10 “I will greatly rejoice in the Lord; my soul shall exult in my God, for he has clothed me with the garments of salvation; he has covered me with the robe of righteousness, as a bridegroom decks himself like a priest with a beautiful headdress, and as a bride adorns herself with her jewels. 11 For as the earth brings forth its sprouts, and as a garden causes what is sown in it to sprout up, so the Lord God will cause righteousness and praise to sprout up before all the nations” (Isaiah 61:10-11).
Isaiah begins today’s text with an exclamation of praise. He said that he would greatly rejoice in the LORD. The grammar indicates that this enjoyment in the person of Yahweh, the One, True self-existent God of the universe, was to be a consistent attitude and behavior in his life.
Isaiah’s rejoicing would encompass his very soul: his intellect, emotions and will. To exult means to rejoice with shouts and shrieks of praise. Here too, the grammar indicates that this attitude and behavior of exultation would be continuous.
Why was Isaiah so captivated with praising the LORD? Why should we be? Isaiah provided the answer when he wrote, “for he has clothed me with the garments of salvation; he has covered me with the robe of righteousness.” Here, as in Zechariah 3:1-5, is an Old Testament picture of God’s imputed righteousness being credited on the sinner’s behalf. The basis of this imputation is by God’s grace alone, through God given faith alone, and in the person and work of Jesus Christ alone.
Dr. Stephen Nichols writes, “We see how essential the doctrine of justification by faith alone was in the Reformation planks of sola fide (faith alone), sola gratia (grace alone), and solus Christus (Christ alone). These solas stress that salvation is by grace alone through faith alone in Christ alone. We must also see, however, that the Reformers emphasized a word that they found to be absolutely essential to the doctrine of justification by faith alone, which they in turn saw as essential to a right understanding of the gospel. That word is imputation.”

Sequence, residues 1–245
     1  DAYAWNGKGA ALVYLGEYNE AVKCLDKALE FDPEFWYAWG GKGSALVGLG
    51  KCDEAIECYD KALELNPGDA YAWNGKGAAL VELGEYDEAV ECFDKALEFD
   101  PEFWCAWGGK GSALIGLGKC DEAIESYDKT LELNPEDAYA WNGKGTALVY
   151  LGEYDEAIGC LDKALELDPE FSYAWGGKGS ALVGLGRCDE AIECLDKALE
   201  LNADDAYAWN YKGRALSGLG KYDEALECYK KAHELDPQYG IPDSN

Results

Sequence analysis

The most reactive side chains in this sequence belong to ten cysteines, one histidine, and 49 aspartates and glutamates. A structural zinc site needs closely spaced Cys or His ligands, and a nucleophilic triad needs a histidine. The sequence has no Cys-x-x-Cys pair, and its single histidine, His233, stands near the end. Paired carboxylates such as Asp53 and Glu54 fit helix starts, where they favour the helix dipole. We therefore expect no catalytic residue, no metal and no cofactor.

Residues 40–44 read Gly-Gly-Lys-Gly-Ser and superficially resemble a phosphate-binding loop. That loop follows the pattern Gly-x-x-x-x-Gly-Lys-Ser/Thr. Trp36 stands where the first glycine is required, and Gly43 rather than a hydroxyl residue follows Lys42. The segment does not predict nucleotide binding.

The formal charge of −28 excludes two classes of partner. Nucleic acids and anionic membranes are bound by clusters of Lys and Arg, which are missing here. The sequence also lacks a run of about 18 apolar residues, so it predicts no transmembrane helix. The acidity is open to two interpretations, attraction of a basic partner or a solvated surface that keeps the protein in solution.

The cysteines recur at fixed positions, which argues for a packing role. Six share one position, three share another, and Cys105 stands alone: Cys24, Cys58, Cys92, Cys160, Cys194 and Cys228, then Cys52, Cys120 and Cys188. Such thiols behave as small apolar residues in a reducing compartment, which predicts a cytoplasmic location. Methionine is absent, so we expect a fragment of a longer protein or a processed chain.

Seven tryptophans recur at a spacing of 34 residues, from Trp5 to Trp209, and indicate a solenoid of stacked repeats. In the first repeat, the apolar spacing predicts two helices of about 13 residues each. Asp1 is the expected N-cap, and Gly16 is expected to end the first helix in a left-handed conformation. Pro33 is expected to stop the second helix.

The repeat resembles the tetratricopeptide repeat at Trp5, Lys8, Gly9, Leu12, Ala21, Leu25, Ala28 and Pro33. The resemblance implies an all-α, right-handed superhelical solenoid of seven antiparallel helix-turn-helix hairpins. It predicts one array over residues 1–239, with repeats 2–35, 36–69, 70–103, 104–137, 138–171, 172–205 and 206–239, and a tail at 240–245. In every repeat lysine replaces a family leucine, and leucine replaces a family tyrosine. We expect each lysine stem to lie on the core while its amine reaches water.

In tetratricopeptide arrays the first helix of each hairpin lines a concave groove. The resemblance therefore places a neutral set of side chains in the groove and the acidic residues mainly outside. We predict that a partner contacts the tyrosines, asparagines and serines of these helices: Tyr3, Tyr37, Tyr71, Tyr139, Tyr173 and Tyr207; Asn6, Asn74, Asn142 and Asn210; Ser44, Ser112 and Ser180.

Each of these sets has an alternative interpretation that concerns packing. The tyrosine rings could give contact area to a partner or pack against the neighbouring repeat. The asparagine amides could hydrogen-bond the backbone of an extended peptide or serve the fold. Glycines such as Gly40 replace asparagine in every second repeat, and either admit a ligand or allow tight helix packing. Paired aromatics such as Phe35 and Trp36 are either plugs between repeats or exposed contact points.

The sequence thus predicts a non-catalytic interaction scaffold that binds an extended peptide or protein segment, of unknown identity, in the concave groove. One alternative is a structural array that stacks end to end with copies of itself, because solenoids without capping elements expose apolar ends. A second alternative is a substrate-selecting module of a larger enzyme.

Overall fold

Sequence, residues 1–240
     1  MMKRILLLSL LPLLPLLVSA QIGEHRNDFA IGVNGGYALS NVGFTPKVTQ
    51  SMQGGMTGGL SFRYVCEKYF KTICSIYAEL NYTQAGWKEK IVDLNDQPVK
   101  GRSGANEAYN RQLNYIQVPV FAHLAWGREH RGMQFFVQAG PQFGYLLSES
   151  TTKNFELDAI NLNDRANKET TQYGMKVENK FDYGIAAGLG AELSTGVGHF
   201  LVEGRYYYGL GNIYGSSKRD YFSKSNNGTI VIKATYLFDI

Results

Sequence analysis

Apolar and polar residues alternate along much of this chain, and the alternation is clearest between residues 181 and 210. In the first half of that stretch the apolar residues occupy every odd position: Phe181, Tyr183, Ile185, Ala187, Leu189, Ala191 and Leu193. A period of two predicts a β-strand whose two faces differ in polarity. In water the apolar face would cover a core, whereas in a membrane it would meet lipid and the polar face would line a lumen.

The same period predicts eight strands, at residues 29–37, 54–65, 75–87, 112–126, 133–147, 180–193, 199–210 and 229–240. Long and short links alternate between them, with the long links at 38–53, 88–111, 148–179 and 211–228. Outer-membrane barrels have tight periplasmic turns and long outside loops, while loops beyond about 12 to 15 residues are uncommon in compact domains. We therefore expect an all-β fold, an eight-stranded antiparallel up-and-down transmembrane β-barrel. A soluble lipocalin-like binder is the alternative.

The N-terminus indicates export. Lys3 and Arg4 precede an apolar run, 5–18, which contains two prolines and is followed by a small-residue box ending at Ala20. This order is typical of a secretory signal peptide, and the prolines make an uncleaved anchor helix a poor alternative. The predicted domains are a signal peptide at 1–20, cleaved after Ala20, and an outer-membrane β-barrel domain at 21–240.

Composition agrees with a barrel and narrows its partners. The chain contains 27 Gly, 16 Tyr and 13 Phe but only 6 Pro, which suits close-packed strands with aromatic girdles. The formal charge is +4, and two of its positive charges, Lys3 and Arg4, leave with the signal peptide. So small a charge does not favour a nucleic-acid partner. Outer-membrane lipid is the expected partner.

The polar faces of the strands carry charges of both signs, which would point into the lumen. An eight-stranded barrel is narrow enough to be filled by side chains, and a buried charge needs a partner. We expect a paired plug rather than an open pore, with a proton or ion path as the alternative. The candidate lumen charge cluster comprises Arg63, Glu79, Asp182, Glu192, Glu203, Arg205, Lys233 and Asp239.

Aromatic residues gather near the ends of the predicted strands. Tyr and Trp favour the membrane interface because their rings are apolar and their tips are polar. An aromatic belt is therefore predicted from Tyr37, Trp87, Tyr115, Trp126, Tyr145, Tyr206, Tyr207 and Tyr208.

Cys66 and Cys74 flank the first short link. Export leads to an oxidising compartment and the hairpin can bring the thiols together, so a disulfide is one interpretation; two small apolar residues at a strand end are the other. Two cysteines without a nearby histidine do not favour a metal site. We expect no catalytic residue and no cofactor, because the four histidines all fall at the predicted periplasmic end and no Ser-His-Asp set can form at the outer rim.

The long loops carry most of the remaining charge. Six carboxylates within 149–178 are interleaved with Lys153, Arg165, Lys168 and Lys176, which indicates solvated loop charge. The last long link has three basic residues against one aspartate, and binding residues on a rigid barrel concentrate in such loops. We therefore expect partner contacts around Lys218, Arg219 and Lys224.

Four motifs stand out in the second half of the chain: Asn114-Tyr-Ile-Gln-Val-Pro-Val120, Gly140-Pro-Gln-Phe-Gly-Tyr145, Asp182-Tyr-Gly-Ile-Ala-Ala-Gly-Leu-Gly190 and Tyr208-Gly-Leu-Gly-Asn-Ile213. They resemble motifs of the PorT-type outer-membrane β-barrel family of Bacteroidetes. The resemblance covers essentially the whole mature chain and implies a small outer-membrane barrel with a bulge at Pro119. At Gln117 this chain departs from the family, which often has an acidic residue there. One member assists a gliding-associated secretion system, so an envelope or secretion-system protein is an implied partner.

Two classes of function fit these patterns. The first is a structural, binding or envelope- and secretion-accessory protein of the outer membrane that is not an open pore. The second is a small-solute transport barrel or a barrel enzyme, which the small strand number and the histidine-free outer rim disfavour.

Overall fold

The word imputation comes from the Latin. It is an accounting or mathematical term meaning “to apply to one’s account.” In other words, expenses are debited and income is credited. The word “reckon” is used for imputation in the King James Version.
Dr. Nichols continues by saying, “In theological terms, we speak of a double imputation that takes place in justification. This double imputation is taught in texts such as 2 Corinthians 5:21, where Paul says plainly, “For our sake he made him to be sin who knew no sin, so that in him we might become the righteousness of God.” Here we read that our sin is imputed to Christ. We are the offending party. He is guiltless. He perfectly kept the law. Yet, on the cross, God poured out His wrath on Christ. Why? Because our sin was imputed to Christ. Christ took upon Himself our sin. Our great debit was put on His account. Christ paid the horrific penalty as the cup of God’s wrath was poured out upon Him.”
“There is also a second imputation. Christ’s righteousness is imputed to us. He not only takes our debit, but we also get His credit. Christ paid the penalty we could never satisfy, but He also kept the law perfectly, which we can’t do either. Consequently, God credits to us His righteousness. We stand before God clothed in Christ’s righteousness. We can actually say that we are saved by works—not at all by our works, but instead by Christ’s works, His perfect obedience, on our behalf. One theologian said that two of the most beautiful words in the Bible are for us. Jesus lived and died—and rose again—for us. All of His work was done on our behalf.”
Isaiah compared this imputed righteousness to the festive wedding garments of a bride and groom. He also compared it to the earth bringing forth luscious vegetation. Much like the rejoicing which takes place on one’s wedding day, or in the full sway of summer when the land is producing abundant crops, so likewise God’s people are to bring forth abundant praise for the imputed righteousness each has received from the LORD Most High.
This essential doctrine is expressed most succinctly in The Word Made Flesh: The Ligonier Statement on Christology. The redemption Christ accomplished is stated in the fourth stanza of the statement: For us, He kept the law, atoned for sin, and satisfied God’s wrath. He took our filthy rags and gave us His righteous robe. I encourage you to read Romans 3:9-26; 2 Corinthians 5:17-21; Philippians 3:1-9).
Thank you LORD for exchanging your robes of righteousness in place of my filthy rags of sinfulness. Much like Isaiah, and Zechariah, I can never thank and praise you enough for what you have done for me.
Soli deo Gloria!